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post #6 of 11 Old 02-06-2011, 02:21 PM
where's my table saw?
 
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I looked at the first photo and thought...Niki

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Originally Posted by cabinetman View Post
Sure enough! He's still with us in spirit, still givin' back.
Kinda cool and simple and pushes down after the cut where you need it. bill

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post #7 of 11 Old 02-06-2011, 02:31 PM Thread Starter
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That is cool! Sounds like Niki was a very inventive person.
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post #8 of 11 Old 02-07-2011, 06:13 AM
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Really don't like anything attatched to fence,with the exception of certain non-stressful blocks N such....and even then,don't "like" it.Everytime I've been around those no-kickback rollers,it ends up with total frustraion and general pi$$ed-off-ness.Theres other ways to make TS fixtures that are worksafe for even the mildly handicapped.And yes,have done work in this area for shelter'd workshops..........It takes a different viewpoint,and looking at TS's in general WRT to safety.Sawstop co. has gone in the wrong direction,IMO for several reasons.But suggestions to their contrary goes over about as well as a a whore in church.Its that whole,"if it only saves one finger" style of discussion that just gets my goat.Sorry for the rant,think positve....keep looking at the problem.In this case...holding stock down and keeping yo fingers out of blade.BW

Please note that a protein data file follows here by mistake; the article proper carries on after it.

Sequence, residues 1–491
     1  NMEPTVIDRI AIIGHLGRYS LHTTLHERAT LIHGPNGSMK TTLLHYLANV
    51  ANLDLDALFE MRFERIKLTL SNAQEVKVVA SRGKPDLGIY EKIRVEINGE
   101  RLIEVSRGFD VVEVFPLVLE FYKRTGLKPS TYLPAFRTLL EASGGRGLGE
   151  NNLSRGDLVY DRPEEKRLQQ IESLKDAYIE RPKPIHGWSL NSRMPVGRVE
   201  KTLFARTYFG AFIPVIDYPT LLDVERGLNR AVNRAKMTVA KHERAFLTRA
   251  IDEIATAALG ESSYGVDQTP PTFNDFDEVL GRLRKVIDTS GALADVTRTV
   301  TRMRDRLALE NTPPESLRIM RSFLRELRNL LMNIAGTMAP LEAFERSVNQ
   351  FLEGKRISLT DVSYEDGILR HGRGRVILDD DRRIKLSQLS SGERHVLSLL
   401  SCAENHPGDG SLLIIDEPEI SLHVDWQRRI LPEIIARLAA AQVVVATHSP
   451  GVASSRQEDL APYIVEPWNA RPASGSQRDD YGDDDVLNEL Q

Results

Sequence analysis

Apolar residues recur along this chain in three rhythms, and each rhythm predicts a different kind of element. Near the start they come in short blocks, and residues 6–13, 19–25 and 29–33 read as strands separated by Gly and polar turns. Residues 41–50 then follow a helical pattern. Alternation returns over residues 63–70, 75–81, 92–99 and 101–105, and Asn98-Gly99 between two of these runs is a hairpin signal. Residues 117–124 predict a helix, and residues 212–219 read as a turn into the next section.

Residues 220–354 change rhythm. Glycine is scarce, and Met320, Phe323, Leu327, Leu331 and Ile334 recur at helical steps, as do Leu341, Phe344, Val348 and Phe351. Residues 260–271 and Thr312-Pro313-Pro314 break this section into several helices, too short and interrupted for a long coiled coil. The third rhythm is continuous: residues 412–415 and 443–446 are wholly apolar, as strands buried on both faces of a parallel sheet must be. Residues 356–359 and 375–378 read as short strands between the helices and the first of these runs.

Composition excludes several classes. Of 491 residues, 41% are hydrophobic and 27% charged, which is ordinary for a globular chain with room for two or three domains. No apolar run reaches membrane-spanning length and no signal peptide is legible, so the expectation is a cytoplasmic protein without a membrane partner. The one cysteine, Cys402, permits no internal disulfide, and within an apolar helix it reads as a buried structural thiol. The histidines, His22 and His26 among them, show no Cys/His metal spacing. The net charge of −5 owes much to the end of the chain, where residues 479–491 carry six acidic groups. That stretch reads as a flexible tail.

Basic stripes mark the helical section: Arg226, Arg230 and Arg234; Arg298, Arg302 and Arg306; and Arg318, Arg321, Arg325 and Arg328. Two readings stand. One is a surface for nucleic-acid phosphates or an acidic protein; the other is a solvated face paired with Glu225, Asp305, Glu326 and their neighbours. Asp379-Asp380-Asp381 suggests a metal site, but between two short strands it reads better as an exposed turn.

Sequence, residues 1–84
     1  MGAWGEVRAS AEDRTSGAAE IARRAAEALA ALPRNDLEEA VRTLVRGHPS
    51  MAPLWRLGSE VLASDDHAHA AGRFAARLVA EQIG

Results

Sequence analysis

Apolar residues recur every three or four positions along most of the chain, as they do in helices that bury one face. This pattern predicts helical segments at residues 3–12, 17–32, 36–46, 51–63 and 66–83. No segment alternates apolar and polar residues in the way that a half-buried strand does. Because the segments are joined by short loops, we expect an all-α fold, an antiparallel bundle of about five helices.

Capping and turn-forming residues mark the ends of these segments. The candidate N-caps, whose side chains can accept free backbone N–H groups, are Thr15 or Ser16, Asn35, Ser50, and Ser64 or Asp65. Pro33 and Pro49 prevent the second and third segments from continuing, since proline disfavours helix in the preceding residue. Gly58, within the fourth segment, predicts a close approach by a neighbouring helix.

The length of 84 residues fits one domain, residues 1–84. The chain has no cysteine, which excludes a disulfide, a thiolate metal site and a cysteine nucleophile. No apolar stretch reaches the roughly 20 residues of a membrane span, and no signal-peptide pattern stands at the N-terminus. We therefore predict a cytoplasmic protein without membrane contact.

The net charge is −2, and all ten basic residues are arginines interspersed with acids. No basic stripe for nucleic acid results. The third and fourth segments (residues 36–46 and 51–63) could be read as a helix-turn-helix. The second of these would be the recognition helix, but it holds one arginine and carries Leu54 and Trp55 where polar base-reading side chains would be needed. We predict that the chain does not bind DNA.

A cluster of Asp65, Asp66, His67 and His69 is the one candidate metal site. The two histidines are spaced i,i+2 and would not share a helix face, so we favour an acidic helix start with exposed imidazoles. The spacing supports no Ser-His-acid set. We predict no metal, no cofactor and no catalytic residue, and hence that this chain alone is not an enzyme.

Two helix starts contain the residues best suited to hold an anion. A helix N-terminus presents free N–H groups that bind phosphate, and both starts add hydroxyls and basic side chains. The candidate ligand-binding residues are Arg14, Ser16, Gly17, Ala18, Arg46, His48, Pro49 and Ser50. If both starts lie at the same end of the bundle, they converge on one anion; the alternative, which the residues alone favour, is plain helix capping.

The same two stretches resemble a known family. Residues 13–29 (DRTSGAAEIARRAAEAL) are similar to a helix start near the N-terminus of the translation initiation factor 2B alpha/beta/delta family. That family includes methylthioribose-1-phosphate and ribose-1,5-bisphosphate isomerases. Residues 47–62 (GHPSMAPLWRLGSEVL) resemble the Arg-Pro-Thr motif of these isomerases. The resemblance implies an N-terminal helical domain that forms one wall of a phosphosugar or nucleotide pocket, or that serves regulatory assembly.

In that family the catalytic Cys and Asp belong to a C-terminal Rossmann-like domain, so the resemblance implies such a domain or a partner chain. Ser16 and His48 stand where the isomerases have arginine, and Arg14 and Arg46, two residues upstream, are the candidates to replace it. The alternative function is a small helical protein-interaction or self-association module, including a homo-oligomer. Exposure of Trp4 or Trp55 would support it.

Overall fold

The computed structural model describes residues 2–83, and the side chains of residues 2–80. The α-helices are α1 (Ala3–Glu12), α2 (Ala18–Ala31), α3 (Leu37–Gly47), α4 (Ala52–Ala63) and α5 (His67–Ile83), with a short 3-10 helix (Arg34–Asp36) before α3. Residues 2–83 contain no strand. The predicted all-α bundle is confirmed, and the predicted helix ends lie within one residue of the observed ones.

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post #9 of 11 Old 02-07-2011, 08:19 AM Thread Starter
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I took them off last night to rip some more material. Guess what... I don't miss them. Not even a little. When I got the saw they were on the fence and I figured "hey that's a nice little add on that was paid for by previous owner" I never had anything like that on my old TS and I have only had 3-4 kickback problems total.

I will leave them off and just keep going with my previous technique.

Thanks a million for the replies.

Scott
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post #10 of 11 Old 02-07-2011, 08:50 AM
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Useless and dangerous! Your compensating methods are dangerous, too. Never reach over a blade or put pressure on the waste side. If you had a competent person on the outfeed side of the saw, they can be used but for a single person, get rid of them. The best tip when using the fence is to watch the fence, not the blade, making sure the work stays tight all the way to the outfeed table. I wouldn't run a table saw without an outfeed table either.
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post #11 of 11 Old 02-07-2011, 09:05 AM Thread Starter
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To be clear, I wasn't reaching over the blade. I had to lift my hand to go over the roller, which at the time was set pretty far back in relation to the blade, and set my hand down again close to the fence but still before the blade. To push the waste side was the only way to get past the roller. I don't usually push it at all except to keep it against the fence. These rollers were the cause of the break in my technique and that is why the thread was posted. At any rate, they are gone. The outfeed table is my next project. I have never had the space to have one so I had a helper catch the other end. Pretty tricky on some full sheets but we did what had to be done. Thanks for the reply.

Scott